Grape harvests have been rolling across Europe for several months now and sample sizes are large enough to make some predictions. Abnormal…
- Base Spirit Wine
- Preparation Punch
- Flavor Holiday Flavors
- Served Hot
Glögg is a traditional Nordic riff on mulled wine popular during Christmas time. Legend has it that King Gustav I Vasa favored a drink called glödgad vin which translates as “glowing-hot wine.” According to materials from Stockholm’s Wine & Spirits Museum, ol’ Gustav was drinking a heated punch of wine, sugar, honey, cinnamon, ginger, cardamom and cloves by 1609. By the mid-19th century, the drink was commonly truncated to glögg with the OED citing 1870 as the first written references.
In contemporary times, glögg consisting of heated red wine mixed with cinnamon, cloves, and some sweeter hard liquor, is still ubiquitous across Scandinavia. For a better understanding, we turned to our favorite Swede: Leo Lahti of the critically acclaimed Stranger in Gothenburg, Sweden.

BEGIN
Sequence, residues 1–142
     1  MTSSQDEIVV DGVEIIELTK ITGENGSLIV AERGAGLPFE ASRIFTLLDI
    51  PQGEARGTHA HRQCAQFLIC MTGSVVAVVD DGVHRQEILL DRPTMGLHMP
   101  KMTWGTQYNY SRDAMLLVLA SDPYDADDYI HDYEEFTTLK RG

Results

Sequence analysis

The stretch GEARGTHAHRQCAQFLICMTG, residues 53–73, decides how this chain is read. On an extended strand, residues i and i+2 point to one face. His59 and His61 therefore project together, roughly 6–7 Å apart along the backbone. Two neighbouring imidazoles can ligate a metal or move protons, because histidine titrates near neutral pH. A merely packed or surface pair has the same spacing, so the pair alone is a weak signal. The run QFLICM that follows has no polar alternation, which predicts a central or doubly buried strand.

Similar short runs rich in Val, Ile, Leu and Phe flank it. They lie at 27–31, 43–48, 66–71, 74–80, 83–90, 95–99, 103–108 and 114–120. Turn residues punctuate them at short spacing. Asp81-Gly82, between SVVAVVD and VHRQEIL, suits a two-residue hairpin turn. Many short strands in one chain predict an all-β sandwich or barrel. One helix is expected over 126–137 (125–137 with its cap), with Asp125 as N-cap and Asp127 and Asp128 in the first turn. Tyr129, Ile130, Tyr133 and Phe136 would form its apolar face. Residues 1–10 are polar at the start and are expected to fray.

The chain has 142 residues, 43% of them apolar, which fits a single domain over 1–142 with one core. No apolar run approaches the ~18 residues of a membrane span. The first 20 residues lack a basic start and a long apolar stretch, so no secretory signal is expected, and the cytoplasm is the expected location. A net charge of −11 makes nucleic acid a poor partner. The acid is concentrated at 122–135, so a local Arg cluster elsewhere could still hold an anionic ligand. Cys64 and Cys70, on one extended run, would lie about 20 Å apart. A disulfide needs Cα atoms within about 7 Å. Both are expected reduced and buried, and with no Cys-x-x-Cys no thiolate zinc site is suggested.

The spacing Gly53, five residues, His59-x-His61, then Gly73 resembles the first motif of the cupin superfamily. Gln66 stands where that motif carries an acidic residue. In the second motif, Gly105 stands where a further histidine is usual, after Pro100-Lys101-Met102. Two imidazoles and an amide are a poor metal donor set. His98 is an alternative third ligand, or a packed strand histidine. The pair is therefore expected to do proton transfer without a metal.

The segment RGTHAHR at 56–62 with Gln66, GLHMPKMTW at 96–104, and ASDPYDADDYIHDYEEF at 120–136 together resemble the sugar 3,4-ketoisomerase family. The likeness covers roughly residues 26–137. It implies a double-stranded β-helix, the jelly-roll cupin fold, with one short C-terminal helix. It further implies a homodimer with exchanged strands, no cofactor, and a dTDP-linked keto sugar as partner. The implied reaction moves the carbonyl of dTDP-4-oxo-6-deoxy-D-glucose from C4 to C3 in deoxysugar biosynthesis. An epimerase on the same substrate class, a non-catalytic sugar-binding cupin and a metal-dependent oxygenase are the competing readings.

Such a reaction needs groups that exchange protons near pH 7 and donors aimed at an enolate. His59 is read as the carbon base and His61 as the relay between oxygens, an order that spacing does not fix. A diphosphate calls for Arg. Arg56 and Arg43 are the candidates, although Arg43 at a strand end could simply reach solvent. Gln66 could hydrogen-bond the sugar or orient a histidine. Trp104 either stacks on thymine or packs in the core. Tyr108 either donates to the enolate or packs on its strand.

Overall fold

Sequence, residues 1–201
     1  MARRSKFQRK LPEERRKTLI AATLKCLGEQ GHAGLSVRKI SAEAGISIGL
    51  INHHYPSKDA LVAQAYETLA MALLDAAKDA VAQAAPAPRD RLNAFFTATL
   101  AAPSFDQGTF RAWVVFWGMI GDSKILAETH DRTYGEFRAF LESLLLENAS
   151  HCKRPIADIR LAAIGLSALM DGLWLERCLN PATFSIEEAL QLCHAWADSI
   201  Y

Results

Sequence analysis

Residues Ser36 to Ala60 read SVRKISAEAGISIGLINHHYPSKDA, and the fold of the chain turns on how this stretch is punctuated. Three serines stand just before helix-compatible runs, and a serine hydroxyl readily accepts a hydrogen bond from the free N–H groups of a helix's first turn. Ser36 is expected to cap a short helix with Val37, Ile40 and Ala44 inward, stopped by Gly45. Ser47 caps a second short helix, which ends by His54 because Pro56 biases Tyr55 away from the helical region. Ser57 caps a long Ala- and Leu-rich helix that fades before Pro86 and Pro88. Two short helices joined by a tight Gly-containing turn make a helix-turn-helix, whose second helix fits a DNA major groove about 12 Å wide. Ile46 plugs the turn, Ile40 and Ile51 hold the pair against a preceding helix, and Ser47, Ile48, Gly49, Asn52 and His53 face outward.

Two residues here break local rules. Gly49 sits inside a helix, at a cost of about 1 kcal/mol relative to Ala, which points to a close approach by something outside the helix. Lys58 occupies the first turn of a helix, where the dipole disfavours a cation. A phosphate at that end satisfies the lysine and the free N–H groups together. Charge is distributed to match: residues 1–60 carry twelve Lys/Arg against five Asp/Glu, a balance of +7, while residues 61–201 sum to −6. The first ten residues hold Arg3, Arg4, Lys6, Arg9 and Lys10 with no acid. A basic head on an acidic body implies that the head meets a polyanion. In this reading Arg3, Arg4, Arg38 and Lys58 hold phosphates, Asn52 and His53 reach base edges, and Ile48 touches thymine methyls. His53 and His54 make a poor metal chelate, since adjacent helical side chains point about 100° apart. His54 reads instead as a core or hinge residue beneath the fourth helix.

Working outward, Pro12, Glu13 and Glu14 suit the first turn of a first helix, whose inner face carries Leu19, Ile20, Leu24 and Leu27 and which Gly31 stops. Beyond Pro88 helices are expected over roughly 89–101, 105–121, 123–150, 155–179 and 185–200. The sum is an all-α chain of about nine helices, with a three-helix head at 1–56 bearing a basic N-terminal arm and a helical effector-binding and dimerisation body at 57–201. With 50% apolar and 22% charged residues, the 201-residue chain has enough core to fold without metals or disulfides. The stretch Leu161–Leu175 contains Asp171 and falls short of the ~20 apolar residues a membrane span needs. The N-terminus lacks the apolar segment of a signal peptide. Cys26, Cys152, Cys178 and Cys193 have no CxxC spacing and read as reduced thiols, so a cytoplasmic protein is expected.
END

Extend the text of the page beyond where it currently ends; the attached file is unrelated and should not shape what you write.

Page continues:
Lahti also noted that libation’s popularity is inseparable from fika which is something like the Swedish answer to high tea. Said cultural institution normally involves taking a coffee & sweets break with family, friends, or colleagues. “ Fika is such a big part of everyday life here, so we’re always looking for an excuse to drink something warm and eat something sweet,” he joked.
What about those sweets? According to the Swede, glögg goes hand in hand with gingerbread of Lussekatter, a vaguely cat shaped, saffron flavored bun with raisins. In addition to the pastries, glögg gere is classically served together with blanched almonds and raisins. Drinkers add these accoutrements to their mugs to soak up some flavor.
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Lahti supplied this basic, Swedish style recipe.
- Mix Rum, Cognac, Port, and Raisins together. Let the batch sit and infuse for 24 hours.
- Add to a pot together with red wine, cinnamon and cloves.
- Bring to a boil, then reduce to a simmer and continue to simmer for 30 minutes.
- Strain and serve while hot!